The Harper government is set to rebrand and refocus the country’s biggest museum into a monument to the history of Canada in the lead-up to celebrations of the 150th anniversary of Confederation in 2017.
An announcement is scheduled next week that the Canadian Museum of Civilization will be renamed to focus specifically on Canadian history. The renaming signals a broader mission for the museum beyond its current anthropological focus to one that looks more seriously at Canadian social and political history. Currently, the museum highlights international exhibitions such as “Mystery of the Maya” and an upcoming exhibition on Haitian voodoo.
The decision to include displays about the country’s major milestones is part of a continued effort by the Conservative government to reshape the country’s major symbols with a greater emphasis on the monarchy and past military achievements.
“It’s all about our shared Canadian history,” a federal source said of the upcoming announcement.
Self-described as “Canada’s largest and most popular cultural institution,” the Museum of Civilization is in Gatineau, Que., just across the Ottawa River from Parliament. It is expected to be renamed the Canadian Museum of History or the Museum of Canadian History, federal sources said.
The rebranding will be the latest initiative supported by the Harper government to place a greater focus on domestic celebrations. The government this year has marked the Queen’s Diamond Jubilee and the 200th anniversary of the War of 1812. The 100th anniversary of the Grey Cup will be celebrated later this fall.
Other events leading to Canada’s 150th anniversary will include a celebration of the Canadian Arctic Expedition of 1913-1918 starting next year, and the 150th anniversary of the Quebec and Charlottetown conferences in 2014, among others.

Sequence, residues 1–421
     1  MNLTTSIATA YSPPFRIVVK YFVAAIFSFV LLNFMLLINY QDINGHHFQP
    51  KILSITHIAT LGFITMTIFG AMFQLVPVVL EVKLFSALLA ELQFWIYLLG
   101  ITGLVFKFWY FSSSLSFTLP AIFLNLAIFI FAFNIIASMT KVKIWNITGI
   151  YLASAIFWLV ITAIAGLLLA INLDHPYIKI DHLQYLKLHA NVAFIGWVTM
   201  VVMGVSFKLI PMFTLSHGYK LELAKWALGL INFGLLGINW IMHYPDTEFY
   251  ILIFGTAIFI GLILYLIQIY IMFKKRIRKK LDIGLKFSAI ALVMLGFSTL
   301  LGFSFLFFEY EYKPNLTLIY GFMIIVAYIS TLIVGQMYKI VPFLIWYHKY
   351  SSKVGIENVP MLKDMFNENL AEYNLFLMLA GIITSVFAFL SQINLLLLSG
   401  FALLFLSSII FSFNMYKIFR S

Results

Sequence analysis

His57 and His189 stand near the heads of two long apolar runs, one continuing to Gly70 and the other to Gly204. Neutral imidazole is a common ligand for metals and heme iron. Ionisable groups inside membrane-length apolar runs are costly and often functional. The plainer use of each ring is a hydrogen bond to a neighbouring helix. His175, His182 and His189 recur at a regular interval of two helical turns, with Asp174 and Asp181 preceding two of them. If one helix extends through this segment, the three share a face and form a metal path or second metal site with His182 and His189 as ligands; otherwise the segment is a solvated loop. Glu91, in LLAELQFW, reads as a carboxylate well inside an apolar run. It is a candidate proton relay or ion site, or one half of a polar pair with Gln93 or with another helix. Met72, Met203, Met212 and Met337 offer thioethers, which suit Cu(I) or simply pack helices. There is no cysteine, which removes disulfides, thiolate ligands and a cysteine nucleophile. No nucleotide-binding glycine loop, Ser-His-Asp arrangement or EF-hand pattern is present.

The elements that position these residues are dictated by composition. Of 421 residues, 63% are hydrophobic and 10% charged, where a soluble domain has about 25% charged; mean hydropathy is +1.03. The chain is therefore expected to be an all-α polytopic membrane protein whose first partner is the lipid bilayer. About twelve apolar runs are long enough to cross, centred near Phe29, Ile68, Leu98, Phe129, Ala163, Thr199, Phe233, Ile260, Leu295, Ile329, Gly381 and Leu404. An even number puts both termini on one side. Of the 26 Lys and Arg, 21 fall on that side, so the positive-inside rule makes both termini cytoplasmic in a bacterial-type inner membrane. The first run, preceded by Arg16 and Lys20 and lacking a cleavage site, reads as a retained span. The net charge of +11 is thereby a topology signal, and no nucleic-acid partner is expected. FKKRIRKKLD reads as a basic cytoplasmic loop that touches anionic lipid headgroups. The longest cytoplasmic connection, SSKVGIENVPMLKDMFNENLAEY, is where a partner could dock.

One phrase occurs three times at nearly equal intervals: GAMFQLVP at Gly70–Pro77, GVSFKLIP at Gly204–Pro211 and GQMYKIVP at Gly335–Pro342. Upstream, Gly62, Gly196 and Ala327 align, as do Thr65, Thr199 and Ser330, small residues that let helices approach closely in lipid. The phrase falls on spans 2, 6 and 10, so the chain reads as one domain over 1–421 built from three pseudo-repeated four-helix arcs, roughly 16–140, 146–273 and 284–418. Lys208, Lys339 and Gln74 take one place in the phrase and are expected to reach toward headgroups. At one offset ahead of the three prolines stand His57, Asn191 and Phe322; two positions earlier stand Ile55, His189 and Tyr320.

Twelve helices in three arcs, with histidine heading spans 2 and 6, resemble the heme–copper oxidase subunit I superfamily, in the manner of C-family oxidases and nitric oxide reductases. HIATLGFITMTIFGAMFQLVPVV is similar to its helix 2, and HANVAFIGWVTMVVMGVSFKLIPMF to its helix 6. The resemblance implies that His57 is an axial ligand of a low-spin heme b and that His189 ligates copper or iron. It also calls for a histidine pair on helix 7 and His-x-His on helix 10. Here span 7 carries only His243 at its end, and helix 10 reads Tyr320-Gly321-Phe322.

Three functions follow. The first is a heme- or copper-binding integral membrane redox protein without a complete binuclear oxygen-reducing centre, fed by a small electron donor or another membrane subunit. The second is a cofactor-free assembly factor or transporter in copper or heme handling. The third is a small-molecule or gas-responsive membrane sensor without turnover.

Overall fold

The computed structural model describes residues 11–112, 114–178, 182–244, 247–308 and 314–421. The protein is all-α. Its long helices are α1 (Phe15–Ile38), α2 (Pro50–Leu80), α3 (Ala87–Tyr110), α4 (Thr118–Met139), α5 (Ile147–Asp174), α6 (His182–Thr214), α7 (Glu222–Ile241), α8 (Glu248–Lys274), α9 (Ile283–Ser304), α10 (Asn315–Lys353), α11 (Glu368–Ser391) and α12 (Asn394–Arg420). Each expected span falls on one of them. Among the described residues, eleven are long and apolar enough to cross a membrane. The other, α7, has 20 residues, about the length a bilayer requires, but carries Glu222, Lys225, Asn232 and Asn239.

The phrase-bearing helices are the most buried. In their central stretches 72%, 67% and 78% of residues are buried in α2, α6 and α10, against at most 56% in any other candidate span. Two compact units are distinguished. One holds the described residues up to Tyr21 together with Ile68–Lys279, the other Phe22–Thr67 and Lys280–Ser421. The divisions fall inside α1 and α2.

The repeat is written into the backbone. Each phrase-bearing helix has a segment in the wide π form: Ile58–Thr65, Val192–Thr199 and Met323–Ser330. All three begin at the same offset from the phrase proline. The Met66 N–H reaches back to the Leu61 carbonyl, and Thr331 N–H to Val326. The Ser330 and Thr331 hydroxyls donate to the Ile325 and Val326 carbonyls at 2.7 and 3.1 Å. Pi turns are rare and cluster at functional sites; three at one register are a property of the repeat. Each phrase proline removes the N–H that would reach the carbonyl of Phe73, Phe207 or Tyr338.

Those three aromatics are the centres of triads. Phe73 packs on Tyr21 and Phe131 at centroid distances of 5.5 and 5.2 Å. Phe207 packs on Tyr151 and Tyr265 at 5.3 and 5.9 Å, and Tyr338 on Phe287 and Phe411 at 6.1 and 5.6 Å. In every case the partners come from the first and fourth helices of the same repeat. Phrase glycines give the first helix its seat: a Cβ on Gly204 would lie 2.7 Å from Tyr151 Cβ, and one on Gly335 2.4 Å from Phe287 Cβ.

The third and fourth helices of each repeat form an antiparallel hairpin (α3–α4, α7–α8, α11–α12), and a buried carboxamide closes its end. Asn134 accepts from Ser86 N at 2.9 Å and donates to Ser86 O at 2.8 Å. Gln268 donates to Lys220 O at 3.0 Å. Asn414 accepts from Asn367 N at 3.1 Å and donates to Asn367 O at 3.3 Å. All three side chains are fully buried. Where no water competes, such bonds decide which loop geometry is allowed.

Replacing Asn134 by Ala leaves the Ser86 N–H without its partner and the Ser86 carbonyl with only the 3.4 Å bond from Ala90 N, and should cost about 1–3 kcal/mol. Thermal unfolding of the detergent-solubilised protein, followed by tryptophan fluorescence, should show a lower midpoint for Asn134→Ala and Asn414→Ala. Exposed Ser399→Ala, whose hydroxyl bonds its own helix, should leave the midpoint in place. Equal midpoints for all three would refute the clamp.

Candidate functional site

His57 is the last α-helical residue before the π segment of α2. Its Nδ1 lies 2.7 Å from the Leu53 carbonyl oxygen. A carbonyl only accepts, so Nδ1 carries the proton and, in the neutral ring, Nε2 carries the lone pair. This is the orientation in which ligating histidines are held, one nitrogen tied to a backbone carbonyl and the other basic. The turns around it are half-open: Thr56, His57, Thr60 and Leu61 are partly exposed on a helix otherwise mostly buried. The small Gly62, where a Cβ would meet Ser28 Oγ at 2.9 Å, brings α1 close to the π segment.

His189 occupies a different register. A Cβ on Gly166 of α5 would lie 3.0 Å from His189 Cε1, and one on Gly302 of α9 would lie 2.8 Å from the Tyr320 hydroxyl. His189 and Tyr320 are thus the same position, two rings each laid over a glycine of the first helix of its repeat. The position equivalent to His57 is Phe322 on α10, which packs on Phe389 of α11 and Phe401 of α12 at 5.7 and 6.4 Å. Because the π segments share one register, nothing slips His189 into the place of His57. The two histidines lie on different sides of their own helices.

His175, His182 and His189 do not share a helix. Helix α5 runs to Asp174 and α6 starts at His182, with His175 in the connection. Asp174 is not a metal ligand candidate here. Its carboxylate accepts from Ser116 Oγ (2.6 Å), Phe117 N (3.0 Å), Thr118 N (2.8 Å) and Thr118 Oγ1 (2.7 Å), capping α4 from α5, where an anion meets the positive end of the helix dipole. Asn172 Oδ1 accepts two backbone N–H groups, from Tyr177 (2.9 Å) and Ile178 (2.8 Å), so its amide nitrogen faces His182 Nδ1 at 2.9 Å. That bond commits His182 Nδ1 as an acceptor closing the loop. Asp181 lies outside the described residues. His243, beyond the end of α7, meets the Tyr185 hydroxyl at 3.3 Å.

Sources said Ottawa will be looking to enlist museums across Canada as part of its celebration of the country’s history, with details to be announced on Tuesday by Heritage Minister James Moore and other senior federal officials.
“Our museums are the showcase of many of the treasures that we have to celebrate in our history, they are a central piece,” a federal source said.
The initiative could face resistance, however, as the Harper government has come under fire for its insistence on celebrating the monarchy and the country’s military history.
Foreign Affairs Minister John Baird, for example, has been ridiculed for replacing two works by Quebec painter Alfred Pellan with a portrait of the Queen at the entrance of the Lester B. Pearson building in Ottawa.
The federal government has also been increasing the visibility of former Conservative leaders John Diefenbaker and Sir John A. Macdonald across the country, naming buildings, an icebreaker and an Ottawa parkway in their honour.
In addition, the government announced this week that it is renaming buildings in the honour of veterans of the War of 1812, earning a rebuke from the NDP.
Ottawa is also planning to build a monument to the War of 1812 on Parliament Hill, breaking with a tradition of having only statues of individuals on the legislative assembly grounds.
The Museum of Civilization is one of the main tourist draws in the capital region, located on Confederation Boulevard, which links the most prominent federal locations in Ottawa and Gatineau. While it has an acclaimed collection of aboriginal artifacts from across Canada, it has also been home to exhibitions from countries such as Mexico and China.
The Museum of Civilization moved from Ottawa in 1989 to a new flowing building in Gatineau designed by architect Douglas Cardinal. It was previously called The National Museum of Man.